A/Prof. Jill Slinger (and Dr Lotte Bontje), TU Delft
On Narrative Competition in Coastal Policy Development.

Dr Rhianedd Smith, University of Reading
Weaving Narratives from Data and Myth: Multi-Vocal Heritage Interpretation at Glastonbury Abbey.

Attending the Workshop:

The workshop will take place at the LSE campus in central London, from approximately 9 am to 6 pm.

Attendance at the workshop is free and open to all; however, places are limited. Please register your interest in attending by emailing Dr Dominic Berry (d.j.berry@lse.ac.uk) as soon as possible.

The deadline for registration is Monday 20 May. Places will be confirmed by 22 May at the latest.

PhD Travel Bursaries:

To increase participation from the postgraduate community, we are making available 4 travel bursaries, each of up to £250. These can be used to recover the cost of train or airfare for those who wish to attend, and who are currently enrolled on a PhD programme, preferably with research interests directly related to the workshop themes.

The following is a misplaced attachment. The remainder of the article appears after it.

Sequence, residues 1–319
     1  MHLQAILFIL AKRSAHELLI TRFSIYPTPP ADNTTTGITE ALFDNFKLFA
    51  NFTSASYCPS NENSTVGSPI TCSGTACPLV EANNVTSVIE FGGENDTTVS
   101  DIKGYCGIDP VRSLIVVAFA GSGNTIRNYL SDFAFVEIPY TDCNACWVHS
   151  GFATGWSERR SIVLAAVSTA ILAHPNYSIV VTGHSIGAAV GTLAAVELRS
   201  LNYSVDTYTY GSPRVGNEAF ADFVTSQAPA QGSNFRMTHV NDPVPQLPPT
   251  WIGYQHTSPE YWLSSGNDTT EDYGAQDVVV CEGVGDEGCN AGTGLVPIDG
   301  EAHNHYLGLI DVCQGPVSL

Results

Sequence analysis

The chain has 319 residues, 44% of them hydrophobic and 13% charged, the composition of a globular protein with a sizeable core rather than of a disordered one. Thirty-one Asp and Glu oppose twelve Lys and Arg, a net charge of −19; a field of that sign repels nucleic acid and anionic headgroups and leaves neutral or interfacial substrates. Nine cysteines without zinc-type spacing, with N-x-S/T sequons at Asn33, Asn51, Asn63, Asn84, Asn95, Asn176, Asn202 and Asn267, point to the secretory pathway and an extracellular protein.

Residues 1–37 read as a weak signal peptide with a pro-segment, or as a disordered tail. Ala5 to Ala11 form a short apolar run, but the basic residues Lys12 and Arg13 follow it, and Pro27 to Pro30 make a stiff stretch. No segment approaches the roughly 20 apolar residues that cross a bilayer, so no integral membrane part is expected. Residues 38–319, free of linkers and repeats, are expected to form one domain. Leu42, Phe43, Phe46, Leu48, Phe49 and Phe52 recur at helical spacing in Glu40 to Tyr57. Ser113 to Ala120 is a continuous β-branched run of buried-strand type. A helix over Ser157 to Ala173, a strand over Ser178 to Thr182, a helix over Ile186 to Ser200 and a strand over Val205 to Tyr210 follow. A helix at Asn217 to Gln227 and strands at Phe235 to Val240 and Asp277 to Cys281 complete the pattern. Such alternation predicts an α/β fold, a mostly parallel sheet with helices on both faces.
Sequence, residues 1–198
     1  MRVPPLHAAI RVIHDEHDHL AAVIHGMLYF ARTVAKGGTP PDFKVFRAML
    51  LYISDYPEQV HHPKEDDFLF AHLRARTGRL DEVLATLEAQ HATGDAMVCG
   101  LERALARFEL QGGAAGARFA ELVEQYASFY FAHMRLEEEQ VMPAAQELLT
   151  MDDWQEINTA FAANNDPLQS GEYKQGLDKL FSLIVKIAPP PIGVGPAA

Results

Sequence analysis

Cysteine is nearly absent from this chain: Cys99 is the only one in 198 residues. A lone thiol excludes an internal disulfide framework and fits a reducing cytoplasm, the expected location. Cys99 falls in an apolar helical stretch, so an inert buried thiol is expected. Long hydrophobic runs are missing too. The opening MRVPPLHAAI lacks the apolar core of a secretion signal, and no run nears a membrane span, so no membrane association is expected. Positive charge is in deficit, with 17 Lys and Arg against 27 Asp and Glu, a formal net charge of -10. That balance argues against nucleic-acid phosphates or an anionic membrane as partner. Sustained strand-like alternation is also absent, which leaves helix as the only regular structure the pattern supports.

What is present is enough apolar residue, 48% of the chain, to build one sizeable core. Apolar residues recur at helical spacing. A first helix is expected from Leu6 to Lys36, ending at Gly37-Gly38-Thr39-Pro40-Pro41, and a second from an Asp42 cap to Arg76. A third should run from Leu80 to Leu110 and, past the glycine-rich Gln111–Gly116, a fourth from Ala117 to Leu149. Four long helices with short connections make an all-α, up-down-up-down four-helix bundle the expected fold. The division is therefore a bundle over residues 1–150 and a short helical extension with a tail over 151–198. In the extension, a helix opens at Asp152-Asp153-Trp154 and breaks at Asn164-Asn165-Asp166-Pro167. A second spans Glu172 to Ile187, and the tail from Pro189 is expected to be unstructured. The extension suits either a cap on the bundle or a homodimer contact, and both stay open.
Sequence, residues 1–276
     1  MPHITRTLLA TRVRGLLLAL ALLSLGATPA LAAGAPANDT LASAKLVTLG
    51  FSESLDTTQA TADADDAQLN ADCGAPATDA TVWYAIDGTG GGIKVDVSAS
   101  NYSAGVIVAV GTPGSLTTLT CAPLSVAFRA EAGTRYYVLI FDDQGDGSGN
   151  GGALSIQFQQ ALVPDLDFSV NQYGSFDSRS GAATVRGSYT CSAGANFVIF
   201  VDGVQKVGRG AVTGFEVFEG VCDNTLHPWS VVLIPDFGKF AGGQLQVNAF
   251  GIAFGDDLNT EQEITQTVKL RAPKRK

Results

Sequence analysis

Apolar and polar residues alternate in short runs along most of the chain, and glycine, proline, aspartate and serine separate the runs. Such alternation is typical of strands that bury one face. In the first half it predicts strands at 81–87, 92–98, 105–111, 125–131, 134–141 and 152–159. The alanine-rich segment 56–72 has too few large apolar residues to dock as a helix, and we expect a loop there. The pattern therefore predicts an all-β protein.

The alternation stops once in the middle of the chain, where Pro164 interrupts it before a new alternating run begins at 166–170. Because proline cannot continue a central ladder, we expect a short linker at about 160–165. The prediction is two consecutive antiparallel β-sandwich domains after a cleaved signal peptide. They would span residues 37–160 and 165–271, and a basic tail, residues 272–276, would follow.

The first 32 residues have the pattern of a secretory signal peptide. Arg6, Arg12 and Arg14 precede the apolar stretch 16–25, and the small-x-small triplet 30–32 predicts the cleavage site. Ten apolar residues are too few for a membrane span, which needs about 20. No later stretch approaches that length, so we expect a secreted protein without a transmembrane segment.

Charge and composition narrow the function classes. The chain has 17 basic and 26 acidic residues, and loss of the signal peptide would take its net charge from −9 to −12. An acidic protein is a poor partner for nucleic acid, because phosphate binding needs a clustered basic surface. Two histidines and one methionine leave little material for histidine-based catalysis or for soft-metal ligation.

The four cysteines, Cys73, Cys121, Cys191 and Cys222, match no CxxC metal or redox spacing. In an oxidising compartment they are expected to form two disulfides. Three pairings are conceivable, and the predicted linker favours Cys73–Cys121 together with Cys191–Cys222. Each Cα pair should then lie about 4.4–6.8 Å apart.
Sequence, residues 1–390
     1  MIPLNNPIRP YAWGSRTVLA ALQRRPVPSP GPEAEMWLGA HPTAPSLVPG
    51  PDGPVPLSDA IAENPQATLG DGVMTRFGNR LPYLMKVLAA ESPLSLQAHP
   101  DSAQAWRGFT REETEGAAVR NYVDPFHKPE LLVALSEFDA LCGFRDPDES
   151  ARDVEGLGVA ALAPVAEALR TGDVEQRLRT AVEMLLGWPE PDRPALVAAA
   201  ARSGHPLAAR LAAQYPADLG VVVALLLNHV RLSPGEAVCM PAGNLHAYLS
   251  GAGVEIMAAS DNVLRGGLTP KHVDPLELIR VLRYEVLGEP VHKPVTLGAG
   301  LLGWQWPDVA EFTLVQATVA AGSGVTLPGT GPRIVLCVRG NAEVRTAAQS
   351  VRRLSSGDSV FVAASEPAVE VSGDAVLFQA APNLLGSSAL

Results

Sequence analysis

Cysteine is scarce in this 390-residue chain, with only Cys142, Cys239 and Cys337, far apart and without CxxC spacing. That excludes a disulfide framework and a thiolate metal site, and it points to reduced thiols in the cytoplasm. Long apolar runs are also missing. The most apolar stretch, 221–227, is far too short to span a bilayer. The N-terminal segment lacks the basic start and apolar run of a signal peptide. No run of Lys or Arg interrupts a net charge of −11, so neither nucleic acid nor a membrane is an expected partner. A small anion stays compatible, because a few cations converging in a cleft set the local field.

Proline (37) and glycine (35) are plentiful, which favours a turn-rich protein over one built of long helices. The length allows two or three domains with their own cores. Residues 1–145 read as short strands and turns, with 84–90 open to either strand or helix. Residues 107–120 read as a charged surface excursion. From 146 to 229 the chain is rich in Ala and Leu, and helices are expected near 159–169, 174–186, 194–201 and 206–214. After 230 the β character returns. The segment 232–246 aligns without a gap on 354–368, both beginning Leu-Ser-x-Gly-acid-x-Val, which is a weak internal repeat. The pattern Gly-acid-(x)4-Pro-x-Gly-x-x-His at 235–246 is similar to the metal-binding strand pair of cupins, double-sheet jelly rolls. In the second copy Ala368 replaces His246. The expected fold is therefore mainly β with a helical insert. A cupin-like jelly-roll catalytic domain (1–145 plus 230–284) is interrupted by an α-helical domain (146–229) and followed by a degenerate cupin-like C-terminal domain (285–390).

To apply for a PhD travel bursary please write to Dr Dominic Berry (D.J.Berry@lse.ac.uk). Please include: Your name; university affiliation; thesis title; no more than 100 words on how this workshop relates to your research.

The deadline for applications to the travel bursary is Monday 13 May.

You will be notified as to the outcome of your application shortly thereafter. Applicants will be selected to ensure a diverse range of research interests and institutions are represented.